Councils should be allowed to charge to provide information to the public following a dramatic increase in Freedom of Information requests, Birmingham City Council has suggested.
It urged MPs to let it charge £25 for every request it deals with, after complaining that some people make hundreds of requests but don’t pay a penny.
The authority suggested the charging scheme in a submission to a Commons inquiry into the Freedom of Information (FOI) Act, which gives the public a legal right to request information from public bodies.
Anyone can demand information under the legislation, and recent requests to Birmingham City Council have included details of parking tickets issued in the city, information about empty properties and a request for details of the council’s fleet of official vehicles.
But the authority complained that it now faces more than 1,500 requests a year – and some individuals were making hundreds of requests to various public bodies without paying a penny towards the cost.
In a separate submission, Chris Sims, the Chief Constable of West Midlands Police, also called for new restrictions on what the public could demand to see.
Currently, Parliament and central government can refuse to answer a request if it will cost more than £600 to gather the information required, and other public bodies can refuse if the cost will exceed £450.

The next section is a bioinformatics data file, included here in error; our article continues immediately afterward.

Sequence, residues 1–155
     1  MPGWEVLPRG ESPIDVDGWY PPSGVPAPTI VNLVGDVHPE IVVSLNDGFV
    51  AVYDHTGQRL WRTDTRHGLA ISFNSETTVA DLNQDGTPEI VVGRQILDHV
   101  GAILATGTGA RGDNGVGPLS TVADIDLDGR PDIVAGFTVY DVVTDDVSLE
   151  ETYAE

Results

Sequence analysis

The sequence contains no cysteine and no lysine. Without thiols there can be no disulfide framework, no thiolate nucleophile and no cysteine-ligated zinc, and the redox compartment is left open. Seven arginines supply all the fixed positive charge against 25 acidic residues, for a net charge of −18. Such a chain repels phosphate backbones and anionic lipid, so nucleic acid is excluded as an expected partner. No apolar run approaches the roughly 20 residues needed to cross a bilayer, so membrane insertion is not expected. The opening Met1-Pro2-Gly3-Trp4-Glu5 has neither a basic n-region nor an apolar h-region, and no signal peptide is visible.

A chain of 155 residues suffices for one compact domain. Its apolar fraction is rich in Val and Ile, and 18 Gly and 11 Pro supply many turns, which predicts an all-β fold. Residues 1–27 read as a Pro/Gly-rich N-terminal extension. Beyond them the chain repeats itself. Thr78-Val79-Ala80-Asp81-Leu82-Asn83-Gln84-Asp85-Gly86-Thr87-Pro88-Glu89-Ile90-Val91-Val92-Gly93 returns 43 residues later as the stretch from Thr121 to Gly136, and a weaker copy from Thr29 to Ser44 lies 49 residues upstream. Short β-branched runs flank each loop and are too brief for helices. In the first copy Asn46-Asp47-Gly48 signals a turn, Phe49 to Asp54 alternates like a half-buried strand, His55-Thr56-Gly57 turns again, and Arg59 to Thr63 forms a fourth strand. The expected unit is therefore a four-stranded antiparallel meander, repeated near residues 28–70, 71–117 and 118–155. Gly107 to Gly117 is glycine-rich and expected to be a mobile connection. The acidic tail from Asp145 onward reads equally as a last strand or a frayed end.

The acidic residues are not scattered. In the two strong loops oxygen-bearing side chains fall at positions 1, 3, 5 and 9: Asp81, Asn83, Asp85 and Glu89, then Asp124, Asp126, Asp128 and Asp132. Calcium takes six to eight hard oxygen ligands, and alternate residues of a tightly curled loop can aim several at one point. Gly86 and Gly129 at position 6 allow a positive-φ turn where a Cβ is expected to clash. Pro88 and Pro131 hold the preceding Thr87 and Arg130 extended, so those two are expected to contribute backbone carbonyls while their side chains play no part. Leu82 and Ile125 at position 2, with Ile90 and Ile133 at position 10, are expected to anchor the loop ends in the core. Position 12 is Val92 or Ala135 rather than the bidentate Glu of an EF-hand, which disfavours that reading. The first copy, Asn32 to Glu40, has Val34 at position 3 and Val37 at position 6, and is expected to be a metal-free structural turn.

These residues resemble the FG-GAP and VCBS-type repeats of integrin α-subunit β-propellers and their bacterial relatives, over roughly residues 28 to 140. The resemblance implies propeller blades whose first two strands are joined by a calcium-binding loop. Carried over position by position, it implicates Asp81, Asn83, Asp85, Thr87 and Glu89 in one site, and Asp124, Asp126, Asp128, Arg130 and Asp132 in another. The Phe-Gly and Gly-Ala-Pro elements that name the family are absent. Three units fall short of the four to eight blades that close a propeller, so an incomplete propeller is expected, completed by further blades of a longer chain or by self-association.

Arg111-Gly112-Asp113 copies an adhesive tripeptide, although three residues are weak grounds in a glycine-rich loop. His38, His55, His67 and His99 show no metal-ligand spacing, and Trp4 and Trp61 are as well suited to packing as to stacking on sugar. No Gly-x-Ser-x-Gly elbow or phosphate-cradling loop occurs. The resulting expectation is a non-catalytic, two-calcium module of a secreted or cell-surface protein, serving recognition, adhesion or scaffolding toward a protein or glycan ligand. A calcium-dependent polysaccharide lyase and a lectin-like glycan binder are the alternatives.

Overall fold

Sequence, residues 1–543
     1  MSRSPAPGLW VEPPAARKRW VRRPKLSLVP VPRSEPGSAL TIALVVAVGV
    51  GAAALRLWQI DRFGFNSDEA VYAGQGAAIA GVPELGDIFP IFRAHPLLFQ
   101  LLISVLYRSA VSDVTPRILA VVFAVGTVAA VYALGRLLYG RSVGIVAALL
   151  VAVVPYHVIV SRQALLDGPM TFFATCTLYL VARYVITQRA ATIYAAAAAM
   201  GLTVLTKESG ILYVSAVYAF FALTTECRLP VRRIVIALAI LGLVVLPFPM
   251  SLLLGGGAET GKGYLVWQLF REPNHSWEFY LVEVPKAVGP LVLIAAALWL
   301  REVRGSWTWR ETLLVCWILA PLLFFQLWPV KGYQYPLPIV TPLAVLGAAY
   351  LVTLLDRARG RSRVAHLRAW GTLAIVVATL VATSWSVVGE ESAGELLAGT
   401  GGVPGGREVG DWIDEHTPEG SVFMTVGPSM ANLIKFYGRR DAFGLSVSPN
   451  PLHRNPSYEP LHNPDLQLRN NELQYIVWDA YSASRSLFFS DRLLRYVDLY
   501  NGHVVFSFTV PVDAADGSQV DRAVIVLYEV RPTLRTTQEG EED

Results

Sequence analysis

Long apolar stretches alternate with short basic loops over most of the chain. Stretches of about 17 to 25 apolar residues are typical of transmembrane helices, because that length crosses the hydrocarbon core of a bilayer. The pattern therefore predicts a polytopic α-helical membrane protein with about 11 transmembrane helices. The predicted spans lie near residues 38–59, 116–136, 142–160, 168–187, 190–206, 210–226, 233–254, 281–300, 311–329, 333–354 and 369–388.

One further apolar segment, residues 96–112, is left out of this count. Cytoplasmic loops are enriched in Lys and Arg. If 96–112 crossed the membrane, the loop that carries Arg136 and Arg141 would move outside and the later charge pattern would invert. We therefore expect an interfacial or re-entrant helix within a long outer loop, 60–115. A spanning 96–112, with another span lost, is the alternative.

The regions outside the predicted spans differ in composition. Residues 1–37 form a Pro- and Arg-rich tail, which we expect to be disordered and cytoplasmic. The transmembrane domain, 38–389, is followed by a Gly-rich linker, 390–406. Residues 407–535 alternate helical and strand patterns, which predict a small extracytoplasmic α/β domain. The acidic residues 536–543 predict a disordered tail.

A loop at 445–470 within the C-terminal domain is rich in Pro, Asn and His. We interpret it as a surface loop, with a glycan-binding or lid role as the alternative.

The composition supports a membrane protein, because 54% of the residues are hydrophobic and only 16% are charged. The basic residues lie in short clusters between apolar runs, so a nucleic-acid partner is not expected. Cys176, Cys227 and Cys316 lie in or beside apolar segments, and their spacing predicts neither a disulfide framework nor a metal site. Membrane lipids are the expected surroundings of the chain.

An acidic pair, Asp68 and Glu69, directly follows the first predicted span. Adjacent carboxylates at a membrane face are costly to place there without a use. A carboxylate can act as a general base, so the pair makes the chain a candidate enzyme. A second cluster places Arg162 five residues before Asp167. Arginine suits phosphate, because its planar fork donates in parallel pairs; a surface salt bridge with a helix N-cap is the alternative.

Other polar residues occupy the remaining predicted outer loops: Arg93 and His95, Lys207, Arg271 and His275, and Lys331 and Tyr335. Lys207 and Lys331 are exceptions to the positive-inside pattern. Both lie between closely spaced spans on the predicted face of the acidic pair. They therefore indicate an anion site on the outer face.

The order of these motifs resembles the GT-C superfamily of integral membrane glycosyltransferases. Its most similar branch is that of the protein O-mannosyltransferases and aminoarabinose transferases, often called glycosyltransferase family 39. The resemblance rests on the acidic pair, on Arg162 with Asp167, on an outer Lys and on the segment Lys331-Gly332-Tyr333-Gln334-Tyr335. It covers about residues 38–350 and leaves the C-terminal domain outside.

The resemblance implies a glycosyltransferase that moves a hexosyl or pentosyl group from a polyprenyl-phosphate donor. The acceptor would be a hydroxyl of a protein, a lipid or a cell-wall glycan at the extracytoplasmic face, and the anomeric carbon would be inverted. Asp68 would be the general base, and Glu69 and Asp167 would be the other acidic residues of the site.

But Mr Sims, writing in his roles as head of West Midlands Police and an official with the Association of Chief Police Officers, called for the limit to be reduced, which would effectively allow bodies to reject more FOI requests.
Tony Blair, the former Prime Minister who was in power when the FOI Act became law, has described the legislation “one of the greatest mistakes I made in office” because it made it harder for politicians and officials to have private and honest discussions.
But MPs gave the complaints short shrift. The Commons Justice Committee said that public bodies could save money by improving the way they dealt with requests instead.
In written evidence submitted to the inquiry, Birmingham City Council said that the number of requests it receives has shot up from 355 in 2006 to 1521 last year. The number increased by 347 between 2010 and 2011 alone.
Furthermore, each request typically contained more than one question, and on average requests included more than four.
A study in 2009 had estimated that each request cost the authority between £250 and £300 to deal with, the council said.